Google's doing some spring cleaning, again. The company, as it has in years past, is killing some of its services, most notably its RSS Web application Google Reader.
The service, for those who never used it, allows you to view all your RSS feeds - headlines and articles from news organizations - in one central spot. Come July 1, though, you won't be able to read anything using the application; you won't be able to use it at all.
While the 7-year-old service is one of the most popular RSS services on the Web, Google says the number of users has declined. It also says it would prefer to focus on fewer products.
"We think that kind of focus will make for a better user experience," Google's Alan Green wrote on Google's blog late Wednesday night.
When reached by ABC News, Google would not divulge the number of Google Reader users, but it does acknowledge on its blog that its users are "devoted."
And those devoted users took to social media in the wake of the news to share their discontent with the decision.
"Two weeks of no pope: baby cured of HIV, breath test for cancer, salt water found on moon of Jupiter. Day one with pope: Google Reader dies," @sup3rmark tweeted, generating more than 3,000 retweets.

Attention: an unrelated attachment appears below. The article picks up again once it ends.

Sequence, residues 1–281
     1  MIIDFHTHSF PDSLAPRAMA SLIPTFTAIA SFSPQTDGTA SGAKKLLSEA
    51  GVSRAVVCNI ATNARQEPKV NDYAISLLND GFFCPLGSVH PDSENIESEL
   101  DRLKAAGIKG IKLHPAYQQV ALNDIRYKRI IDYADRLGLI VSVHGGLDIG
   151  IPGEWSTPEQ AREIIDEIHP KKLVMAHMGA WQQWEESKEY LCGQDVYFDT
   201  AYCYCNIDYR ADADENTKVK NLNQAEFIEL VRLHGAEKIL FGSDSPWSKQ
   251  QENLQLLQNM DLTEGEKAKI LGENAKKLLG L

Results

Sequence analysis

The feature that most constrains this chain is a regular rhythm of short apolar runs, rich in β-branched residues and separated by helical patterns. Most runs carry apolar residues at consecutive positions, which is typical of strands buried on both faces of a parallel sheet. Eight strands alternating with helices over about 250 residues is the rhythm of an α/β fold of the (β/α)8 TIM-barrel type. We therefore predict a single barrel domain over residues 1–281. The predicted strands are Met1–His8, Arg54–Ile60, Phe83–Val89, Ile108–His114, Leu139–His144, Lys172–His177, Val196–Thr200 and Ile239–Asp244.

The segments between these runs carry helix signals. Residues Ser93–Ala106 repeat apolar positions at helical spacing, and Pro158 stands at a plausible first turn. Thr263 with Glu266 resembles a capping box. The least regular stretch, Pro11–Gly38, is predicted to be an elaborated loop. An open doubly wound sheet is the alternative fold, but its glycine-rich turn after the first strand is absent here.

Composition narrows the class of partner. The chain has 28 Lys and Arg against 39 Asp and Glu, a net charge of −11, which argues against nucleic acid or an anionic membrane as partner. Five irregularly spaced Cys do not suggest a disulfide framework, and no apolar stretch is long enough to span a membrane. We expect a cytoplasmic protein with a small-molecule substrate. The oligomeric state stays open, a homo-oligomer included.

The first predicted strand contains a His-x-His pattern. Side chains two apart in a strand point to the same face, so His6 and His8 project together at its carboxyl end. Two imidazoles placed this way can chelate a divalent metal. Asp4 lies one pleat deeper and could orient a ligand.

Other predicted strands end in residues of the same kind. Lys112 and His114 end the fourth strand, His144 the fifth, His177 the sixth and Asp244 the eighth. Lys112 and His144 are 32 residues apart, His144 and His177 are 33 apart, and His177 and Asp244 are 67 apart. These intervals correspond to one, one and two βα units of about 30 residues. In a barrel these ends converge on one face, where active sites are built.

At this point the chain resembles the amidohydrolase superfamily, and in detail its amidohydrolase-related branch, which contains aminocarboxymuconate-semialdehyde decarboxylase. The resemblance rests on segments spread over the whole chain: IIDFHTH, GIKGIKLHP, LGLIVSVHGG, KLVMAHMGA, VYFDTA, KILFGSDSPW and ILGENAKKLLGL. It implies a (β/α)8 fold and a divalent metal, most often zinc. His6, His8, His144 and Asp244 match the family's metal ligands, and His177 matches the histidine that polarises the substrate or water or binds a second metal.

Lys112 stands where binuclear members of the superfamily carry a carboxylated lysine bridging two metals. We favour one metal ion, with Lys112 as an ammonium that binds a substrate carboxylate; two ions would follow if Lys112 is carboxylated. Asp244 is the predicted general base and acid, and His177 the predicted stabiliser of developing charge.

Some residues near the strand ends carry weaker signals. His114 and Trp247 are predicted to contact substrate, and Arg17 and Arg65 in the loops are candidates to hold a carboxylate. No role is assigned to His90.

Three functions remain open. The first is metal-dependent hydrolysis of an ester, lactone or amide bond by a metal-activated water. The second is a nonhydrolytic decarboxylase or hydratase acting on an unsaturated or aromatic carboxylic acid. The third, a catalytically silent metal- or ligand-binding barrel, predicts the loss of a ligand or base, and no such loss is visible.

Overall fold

A number of noted journalists also tweeted about their disappointment. "Always read about pulled plugs on product and say, no biggie. But #GoogleReader? They are shutting down my jam," David Carr of the New York Times shared.
"Google Reader" trended on both Twitter and Google Wednesday night. Others took to signing a Change.org petition, which has more than 12,000 signatures.
Still, while there are those impassioned fans, many never used RSS and now get their news through social media service like Twitter or Facebook. "RSS never caught on as mainstream consumer experience but Google reader provided a powerful resource as a back-end aggregator that could sync content across applications and platforms," Michael Gartenberg, Gartner research director, told ABC News.
Gartenberg does wonder, though, why Google didn't monetize the service better to keep it around. "While it's clear that it's not part of Google's strategy, one wonders why it isn't and why Google didn't put more effort in monetizing the service as opposed to the technology."
The Next Web has reported that Google decided to pull the plug on Reader and devote those resources to Google+, the company's social network.
Google has killed similar products in the past, including Google Buzz and Google Wave. Luckily, there are RSS alternatives to Reader, including Netvibes, Reeder and Newsblur.
Lifehacker.com has a good list and set of directions on how to export and import your feeds.